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Diabetes Care. Feb 2012; 35(2): 299–304.
Published online Jan 16, 2012. doi:  10.2337/dc11-1313
PMCID: PMC3263862

Mortality After Incident Cancer in People With and Without Type 2 Diabetes

Impact of metformin on survival

Abstract

OBJECTIVE

Type 2 diabetes is associated with an increased risk of several types of cancer and with reduced survival after cancer diagnosis. We examined the hypotheses that survival after a diagnosis of solid-tumor cancer is reduced in those with diabetes when compared with those without diabetes, and that treatment with metformin influences survival after cancer diagnosis.

RESEARCH DESIGN AND METHODS

Data were obtained from >350 U.K. primary care practices in a retrospective cohort study. All individuals with or without diabetes who developed a first tumor after January 1990 were identified and records were followed to December 2009. Diabetes was further stratified by treatment regimen. Cox proportional hazards models were used to compare all-cause mortality from all cancers and from specific cancers.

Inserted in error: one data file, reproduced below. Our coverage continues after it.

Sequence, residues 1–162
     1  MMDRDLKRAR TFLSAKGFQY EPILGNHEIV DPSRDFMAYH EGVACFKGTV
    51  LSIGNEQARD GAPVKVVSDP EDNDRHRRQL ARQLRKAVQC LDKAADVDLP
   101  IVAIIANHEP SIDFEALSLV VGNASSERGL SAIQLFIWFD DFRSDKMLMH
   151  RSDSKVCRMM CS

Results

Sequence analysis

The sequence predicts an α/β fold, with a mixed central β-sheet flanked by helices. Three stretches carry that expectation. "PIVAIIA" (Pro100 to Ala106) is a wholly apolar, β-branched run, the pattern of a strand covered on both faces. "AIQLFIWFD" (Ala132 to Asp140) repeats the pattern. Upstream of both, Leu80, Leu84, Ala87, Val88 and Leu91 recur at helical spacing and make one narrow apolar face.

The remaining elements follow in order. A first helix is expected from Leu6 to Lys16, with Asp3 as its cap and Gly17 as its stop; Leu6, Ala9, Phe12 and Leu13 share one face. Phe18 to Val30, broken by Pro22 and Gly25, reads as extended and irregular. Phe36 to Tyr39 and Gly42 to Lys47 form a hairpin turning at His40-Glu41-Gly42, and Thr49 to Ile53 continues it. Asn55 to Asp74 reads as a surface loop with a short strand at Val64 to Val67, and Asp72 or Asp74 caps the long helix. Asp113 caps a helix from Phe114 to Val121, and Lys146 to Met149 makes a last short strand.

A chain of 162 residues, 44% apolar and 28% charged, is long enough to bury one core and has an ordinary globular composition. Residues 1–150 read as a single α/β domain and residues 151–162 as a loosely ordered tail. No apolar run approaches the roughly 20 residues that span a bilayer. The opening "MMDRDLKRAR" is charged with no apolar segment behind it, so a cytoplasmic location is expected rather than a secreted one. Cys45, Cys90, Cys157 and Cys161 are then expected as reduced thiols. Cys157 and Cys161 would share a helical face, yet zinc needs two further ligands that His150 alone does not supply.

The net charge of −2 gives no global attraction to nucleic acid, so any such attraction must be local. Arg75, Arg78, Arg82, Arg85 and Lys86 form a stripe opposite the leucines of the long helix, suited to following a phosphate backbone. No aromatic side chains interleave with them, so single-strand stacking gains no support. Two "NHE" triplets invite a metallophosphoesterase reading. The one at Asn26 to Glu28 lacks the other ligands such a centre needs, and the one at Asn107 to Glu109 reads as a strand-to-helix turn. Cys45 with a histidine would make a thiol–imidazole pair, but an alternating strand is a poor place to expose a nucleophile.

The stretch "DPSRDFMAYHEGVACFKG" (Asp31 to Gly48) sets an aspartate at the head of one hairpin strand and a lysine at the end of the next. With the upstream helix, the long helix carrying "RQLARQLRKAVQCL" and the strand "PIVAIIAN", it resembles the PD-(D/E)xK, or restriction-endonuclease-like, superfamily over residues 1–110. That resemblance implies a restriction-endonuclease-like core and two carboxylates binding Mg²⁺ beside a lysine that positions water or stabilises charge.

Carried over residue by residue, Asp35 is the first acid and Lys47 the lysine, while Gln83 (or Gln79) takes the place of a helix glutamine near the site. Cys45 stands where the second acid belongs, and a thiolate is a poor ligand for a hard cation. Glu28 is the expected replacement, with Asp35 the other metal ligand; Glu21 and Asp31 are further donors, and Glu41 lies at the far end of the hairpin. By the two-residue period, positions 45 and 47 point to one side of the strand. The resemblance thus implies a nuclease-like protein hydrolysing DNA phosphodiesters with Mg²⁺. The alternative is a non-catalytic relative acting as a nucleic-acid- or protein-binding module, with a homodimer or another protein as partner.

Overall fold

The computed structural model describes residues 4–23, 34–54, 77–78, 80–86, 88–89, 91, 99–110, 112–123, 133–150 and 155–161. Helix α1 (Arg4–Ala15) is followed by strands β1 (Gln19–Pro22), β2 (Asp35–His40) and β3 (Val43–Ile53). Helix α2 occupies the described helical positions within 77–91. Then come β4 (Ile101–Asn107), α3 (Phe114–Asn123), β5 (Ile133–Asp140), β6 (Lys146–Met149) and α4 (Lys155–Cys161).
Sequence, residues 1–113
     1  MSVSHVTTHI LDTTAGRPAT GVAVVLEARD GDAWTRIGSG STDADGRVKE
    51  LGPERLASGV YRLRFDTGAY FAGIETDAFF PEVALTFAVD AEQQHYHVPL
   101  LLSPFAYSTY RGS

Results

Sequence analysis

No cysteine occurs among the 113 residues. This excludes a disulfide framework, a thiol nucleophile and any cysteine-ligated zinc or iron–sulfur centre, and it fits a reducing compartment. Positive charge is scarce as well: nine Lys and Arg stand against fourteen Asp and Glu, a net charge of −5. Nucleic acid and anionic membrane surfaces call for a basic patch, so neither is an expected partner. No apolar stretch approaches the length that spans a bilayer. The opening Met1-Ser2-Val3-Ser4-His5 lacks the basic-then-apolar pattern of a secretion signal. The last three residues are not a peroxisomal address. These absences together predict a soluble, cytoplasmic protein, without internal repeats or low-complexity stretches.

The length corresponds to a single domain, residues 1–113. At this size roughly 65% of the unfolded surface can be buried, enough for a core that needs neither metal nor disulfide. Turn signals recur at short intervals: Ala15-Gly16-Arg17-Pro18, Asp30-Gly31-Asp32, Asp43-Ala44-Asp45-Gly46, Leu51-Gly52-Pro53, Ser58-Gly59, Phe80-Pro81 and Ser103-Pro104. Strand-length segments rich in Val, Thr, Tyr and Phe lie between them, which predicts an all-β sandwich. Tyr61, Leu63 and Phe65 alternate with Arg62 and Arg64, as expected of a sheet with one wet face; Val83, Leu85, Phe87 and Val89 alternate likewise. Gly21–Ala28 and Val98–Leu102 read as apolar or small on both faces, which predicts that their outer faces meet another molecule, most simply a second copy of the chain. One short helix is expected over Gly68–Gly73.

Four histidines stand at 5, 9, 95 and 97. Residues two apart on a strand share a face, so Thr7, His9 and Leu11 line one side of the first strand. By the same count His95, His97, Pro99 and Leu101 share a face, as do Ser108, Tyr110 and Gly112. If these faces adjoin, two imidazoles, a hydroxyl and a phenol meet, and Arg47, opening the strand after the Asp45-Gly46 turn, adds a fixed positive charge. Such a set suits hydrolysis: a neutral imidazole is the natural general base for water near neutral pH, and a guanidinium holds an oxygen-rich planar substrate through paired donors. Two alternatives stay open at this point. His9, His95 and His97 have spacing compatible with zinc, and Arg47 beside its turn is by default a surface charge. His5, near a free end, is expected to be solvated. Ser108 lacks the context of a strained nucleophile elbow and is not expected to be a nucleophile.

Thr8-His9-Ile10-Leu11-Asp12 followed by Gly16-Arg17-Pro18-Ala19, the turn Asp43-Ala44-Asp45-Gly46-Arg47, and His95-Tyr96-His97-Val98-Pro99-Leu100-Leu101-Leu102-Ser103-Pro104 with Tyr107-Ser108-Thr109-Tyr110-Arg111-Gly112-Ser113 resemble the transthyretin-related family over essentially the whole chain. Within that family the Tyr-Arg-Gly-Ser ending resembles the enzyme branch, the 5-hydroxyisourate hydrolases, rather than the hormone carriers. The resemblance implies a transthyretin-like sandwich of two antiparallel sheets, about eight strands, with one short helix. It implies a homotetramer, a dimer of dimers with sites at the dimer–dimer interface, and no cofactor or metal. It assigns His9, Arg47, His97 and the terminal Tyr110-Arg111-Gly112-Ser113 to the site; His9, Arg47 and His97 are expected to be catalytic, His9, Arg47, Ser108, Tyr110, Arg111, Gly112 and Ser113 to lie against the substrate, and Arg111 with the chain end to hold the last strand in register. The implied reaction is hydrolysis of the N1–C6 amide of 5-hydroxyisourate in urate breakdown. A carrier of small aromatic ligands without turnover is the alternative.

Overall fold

RESULTS

Of 112,408 eligible individuals, 8,392 (7.5%) had type 2 diabetes. Cancer mortality was increased in those with diabetes, compared with those without (hazard ratio 1.09 [95% CI 1.06–1.13]). Mortality was increased in those with breast (1.32 [1.17–1.49]) and prostate cancer (1.19 [1.08–1.31]) but decreased in lung cancer (0.84 [0.77–0.92]). When analyzed by diabetes therapy, mortality was increased relative to nondiabetes in those on monotherapy with sulfonylureas (1.13 [1.05–1.21]) or insulin (1.13 [1.01–1.27]) but reduced in those on metformin monotherapy (0.85 [0.78–0.93]).

CONCLUSIONS

This study confirmed that type 2 diabetes was associated with poorer prognosis after incident cancer, but that the association varied according to diabetes therapy and cancer site. Metformin was associated with survival benefit both in comparison with other treatments for diabetes and in comparison with a nondiabetic population.

Certain types of cancers are more common in people with diabetes than in those without (13), and diabetes is also associated with reduced survival after cancer (4,5). Interpretation of these observations is, however, confounded by the greater comorbidity and reduced life expectancy associated with diabetes, and by the possibility that those with diabetes may have less effective cancer screening (68), leading to delayed diagnosis. It is also possible that people with diabetes may respond less effectively to some cancer therapies, or that they may tolerate them less well.